Mary Hart denies making white supremacist gesture as locals call to cut ties

Olivia Sandusky

Part-time desert resident Mary Hart hosted President Trump’s Fourth of July event, leading to push-back from locals over social media.

Some are calling for an end to Hart’s relationship with the Palm Spring’s Film Festival.

“Yes it’s a free country, we do have free speech, but does the film festival want to be associated with somebody who is such a vociferous endorser of such a decisive character like President Trump?” said political analyst Hank Plante.

Hart has previously served as the grand Marshall of the festival of lights parade and has a star on the walk of fame downtown.

Palm Springs also held “Mary Hart Weekend” in December of 2019.

Federal Election Commission Data shows both Hart and her husband Burt Sugarman have made sizable donations to the President’s campaign over the last few years.

“You wouldn’t get this reaction if it was Mitt Romney or John McCain or President George W. Bush. But if you’re going to stand up there and endorse him, write him a check for tens of thousands of dollars, you’re going to pay a price,” said Plante.

Members of the East Valley Republican Women Federated feel the backlash is unfair.

“Trying to take Mary Hart’s status away just because she went and appeared on a thing that was about the country and not about his political career is crazy,” said Joy Miedecke, the president of the East Valley RWF.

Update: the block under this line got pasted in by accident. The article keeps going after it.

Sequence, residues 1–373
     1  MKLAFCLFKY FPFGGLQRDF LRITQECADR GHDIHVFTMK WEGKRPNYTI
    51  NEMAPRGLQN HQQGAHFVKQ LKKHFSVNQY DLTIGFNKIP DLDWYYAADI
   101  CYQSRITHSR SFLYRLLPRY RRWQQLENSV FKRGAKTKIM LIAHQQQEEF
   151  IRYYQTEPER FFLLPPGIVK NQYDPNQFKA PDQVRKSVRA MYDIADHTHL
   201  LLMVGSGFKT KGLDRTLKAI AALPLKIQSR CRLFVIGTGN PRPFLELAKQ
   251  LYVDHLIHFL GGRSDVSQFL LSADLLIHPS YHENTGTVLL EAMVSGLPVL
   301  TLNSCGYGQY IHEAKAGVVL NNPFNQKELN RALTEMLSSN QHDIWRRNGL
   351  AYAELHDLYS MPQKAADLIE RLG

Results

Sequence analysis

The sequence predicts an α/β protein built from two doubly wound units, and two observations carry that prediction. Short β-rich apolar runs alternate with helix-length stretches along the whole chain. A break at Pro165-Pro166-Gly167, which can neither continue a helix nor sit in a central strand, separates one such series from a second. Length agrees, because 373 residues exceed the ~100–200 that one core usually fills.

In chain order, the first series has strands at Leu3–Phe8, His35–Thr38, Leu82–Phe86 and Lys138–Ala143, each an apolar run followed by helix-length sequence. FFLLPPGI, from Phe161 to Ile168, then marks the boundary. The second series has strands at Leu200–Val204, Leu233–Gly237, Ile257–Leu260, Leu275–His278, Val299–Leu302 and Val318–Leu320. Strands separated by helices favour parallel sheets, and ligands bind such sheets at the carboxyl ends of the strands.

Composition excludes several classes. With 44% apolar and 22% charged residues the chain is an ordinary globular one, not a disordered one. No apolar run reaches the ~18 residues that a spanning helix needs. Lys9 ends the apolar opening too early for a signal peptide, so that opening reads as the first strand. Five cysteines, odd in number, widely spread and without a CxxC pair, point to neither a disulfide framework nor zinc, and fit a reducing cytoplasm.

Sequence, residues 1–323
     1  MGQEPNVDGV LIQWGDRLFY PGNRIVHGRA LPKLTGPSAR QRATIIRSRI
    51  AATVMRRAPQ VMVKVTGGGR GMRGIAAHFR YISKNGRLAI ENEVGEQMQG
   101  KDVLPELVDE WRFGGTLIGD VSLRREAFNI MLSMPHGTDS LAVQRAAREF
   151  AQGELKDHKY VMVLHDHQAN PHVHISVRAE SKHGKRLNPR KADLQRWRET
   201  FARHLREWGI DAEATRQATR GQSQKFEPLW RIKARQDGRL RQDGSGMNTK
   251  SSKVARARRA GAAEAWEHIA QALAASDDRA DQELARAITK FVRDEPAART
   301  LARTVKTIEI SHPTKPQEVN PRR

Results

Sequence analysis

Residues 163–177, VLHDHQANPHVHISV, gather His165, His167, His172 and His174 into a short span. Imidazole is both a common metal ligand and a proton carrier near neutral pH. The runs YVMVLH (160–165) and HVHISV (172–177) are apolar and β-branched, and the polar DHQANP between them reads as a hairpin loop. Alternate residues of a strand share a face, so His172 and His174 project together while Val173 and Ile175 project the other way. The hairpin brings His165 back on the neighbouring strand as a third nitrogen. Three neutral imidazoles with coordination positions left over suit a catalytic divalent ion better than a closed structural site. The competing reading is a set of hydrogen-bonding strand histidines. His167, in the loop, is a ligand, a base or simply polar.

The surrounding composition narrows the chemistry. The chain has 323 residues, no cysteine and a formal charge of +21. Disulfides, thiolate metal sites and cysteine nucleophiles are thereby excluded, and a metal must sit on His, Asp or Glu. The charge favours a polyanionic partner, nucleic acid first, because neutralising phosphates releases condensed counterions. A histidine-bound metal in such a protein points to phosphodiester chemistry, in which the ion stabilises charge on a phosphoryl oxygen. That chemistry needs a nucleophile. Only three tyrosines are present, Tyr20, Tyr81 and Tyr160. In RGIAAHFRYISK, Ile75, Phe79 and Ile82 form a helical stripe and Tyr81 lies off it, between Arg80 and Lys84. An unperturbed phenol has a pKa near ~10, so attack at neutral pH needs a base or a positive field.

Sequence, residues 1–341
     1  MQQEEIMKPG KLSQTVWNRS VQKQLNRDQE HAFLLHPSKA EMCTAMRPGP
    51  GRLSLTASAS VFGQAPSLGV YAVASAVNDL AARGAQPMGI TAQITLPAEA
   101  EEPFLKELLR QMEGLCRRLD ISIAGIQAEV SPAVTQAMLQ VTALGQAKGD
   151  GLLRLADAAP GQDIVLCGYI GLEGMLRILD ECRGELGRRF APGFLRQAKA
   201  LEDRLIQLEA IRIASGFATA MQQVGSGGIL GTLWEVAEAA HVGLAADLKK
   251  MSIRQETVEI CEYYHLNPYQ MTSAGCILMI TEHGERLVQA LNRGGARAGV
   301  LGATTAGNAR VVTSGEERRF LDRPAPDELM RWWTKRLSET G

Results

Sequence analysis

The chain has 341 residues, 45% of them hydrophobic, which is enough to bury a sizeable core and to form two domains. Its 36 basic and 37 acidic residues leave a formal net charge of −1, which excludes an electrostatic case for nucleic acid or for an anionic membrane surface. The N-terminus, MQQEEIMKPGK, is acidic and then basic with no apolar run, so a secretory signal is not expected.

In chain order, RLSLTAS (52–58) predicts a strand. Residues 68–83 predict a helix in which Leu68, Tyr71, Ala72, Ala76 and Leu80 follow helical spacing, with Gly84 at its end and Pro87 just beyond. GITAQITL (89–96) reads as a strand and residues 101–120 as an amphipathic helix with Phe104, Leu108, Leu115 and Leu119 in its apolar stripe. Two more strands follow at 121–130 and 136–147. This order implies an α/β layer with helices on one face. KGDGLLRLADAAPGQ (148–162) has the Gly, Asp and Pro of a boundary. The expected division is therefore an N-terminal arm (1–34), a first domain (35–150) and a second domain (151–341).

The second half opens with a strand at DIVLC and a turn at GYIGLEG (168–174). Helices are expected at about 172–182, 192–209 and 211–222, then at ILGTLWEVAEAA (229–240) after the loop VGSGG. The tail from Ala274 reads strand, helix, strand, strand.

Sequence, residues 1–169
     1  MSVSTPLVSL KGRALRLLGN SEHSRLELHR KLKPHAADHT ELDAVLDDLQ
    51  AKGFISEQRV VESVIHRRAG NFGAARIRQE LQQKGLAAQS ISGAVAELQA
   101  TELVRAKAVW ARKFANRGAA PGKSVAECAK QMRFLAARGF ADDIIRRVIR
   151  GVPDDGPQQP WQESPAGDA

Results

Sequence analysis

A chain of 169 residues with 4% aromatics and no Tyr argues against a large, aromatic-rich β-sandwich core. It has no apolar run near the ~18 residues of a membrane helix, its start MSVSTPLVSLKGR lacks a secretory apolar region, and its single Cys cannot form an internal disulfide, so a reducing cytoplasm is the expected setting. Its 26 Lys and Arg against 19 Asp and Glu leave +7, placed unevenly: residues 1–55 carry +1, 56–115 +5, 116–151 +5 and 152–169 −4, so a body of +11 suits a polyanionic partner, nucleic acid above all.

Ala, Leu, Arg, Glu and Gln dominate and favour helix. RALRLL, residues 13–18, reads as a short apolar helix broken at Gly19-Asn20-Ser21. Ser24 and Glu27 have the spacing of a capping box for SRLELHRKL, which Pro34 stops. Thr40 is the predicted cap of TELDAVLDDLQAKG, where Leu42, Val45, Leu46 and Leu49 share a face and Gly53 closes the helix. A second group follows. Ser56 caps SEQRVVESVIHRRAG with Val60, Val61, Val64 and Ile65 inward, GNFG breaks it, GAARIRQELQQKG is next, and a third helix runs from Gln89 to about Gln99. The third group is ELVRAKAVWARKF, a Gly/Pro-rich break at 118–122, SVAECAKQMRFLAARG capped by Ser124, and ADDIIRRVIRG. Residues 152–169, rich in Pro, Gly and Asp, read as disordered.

The group’s president says removing her star or cutting ties could make local republicans feel unwelcome.

“Shame on them. What does that have to do with anything? That is so ridiculous. It’s pretty a much a judgment against Republicans and against conservatives so it’s not good,” said Miedecke.

During the event, Hart also made a gesture with her hand that has been the center of controversy.

In a statement, Hart says, “a white supremacist symbol? Are you kidding me? I would never use one and never knew that the ‘okay’ sign was anything but positive. My South Dakota parents instilled in me to respect everyone and that means everyone, no matter their skin color or religion. I was invited to my home state of South Dakota to introduce my friend, Gov. Kristi Noem, which I did. And I was proud to be at our great shrine of democracy, Mt. Rushmore.”

The Palm Springs Film Festival group did not provide a comment on the issue.


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